In Bloomington, Illinois, you must utilize the court system to legally terminate a marriage. The decision to end a marriage is never an easy one. It’s important to know as much as you can about the process before beginning. We have compiled a comprehensive set of Divorce FAQs to help ensure you are comfortable as you begin your divorce:

Q: Do I have to give a reason to get divorced in Bloomington, Illinois?

A: No. Illinois requires only irreconcilable differences as grounds for divorce. In addition, any fault or poor behavior of either spouse is not considered for the division of marital property. (However, financial misconduct may result in one spouse returning any wasted funds to the other.)

Q: Is there a difference between a divorce, an annulment, and a legal separation in McLean County?

A: A divorce legally ends your marriage. Depending on your situation, the court may order alimony, division of property, and pensions as well as child custody, visitation, and child support if you have children. A legal separation does not end the marriage in a legal sense but sets provisions for property or child issues if you no longer wish to live together. Finally, an annulment is a court order ending the marriage, but it differs from a divorce in that it also states that the marriage never happened. Annulments can be difficult to justify. You must usually prove your spouse lied or withheld information that would have prevented you from entering into the marriage in the first place, such as your spouse already being married when your marriage took place.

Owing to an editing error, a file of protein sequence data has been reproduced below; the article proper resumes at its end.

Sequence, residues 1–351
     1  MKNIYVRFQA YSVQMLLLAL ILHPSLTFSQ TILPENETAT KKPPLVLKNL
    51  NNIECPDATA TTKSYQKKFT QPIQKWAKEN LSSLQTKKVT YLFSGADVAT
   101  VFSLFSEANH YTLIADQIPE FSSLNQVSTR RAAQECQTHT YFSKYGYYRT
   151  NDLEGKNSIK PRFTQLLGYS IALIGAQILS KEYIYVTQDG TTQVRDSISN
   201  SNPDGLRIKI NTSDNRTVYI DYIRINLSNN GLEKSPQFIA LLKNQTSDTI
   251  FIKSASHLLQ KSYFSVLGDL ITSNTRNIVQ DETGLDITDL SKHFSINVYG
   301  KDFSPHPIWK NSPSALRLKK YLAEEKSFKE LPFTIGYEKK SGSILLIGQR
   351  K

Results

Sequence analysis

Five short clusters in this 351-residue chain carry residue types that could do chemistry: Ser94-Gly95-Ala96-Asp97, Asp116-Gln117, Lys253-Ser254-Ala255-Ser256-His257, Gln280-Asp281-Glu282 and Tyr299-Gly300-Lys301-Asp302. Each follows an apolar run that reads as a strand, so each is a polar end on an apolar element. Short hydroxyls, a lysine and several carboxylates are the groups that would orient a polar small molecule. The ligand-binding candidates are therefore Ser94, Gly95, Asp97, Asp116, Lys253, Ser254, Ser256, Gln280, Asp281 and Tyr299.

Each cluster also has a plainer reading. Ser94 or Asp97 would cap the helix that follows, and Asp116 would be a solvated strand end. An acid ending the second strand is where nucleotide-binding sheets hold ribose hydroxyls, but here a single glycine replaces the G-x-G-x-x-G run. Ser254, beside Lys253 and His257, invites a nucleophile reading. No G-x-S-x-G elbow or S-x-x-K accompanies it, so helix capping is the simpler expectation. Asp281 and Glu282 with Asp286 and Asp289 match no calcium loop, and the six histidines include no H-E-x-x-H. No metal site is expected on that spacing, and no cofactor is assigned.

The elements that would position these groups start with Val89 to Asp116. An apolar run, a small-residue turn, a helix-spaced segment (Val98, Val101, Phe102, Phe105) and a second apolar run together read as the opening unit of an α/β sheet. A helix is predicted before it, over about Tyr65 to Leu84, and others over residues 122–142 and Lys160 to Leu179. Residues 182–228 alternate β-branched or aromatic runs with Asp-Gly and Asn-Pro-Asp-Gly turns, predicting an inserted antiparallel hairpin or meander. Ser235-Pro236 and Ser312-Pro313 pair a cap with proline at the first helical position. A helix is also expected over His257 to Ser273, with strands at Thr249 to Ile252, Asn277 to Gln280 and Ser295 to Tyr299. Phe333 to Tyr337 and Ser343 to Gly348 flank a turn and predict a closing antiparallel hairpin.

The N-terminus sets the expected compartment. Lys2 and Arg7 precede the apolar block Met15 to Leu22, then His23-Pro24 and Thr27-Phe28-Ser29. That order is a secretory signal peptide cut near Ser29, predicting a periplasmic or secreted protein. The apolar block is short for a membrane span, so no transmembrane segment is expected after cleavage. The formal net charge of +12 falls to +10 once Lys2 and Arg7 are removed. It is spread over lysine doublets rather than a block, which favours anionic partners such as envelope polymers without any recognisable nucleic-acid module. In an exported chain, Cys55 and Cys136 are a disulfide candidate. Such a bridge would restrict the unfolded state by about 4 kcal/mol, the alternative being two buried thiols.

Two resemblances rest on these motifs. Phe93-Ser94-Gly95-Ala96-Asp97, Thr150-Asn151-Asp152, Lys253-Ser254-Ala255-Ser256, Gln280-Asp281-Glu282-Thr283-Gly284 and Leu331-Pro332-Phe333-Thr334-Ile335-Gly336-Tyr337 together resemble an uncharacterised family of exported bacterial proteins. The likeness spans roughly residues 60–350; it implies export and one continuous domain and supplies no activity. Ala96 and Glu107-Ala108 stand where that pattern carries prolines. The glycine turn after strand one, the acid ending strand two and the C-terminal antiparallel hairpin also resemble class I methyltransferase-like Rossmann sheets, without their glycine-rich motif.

Q: Should I hire a lawyer?

A: In some cases where both you and your spouse are likely to agree on each separate condition of the divorce and will remain in agreement regarding things like child custody, alimony, and division of property, you may not need a lawyer. However, in the vast majority of cases, it’s a good idea to hire a divorce lawyer familiar with the divorce process and the associated court proceedings – particularly if you have children.

Q: What resources are available in Bloomington if I decide to represent myself?

A: McLean County has provided resources for Self-Represented Litigants with some commonly used documents, including printable and E-File versions of name change and dissolution of marriage forms. In addition, the county has assembled a step-by-step guide with screenshots to guide you through the process.

Q: Can I use the same lawyer as my spouse?

A: No. While you and your spouse may have formerly utilized the same lawyer for other court actions, doing so during a divorce presents a conflict of interest.

Q: How long does a divorce take in Bloomington?

A: If your divorce is uncontested, it can be finalized in as little as three to six weeks, not including mandatory parenting classes for those with children. However, if you and your spouse do not agree on the terms of the divorce, the process can take months as you negotiate each point.

Q: Will I need to go to court in McLean County?

A: Yes. Even if you and your spouse agree to all the terms of the divorce, you will need to attend one hearing as all terms are resolved. If there are multiple points of disagreement, you may need to attend a series of hearings to resolve each issue. Fortunately, our firm can help prepare you for your court appearance to ensure you feel comfortable with the proceedings.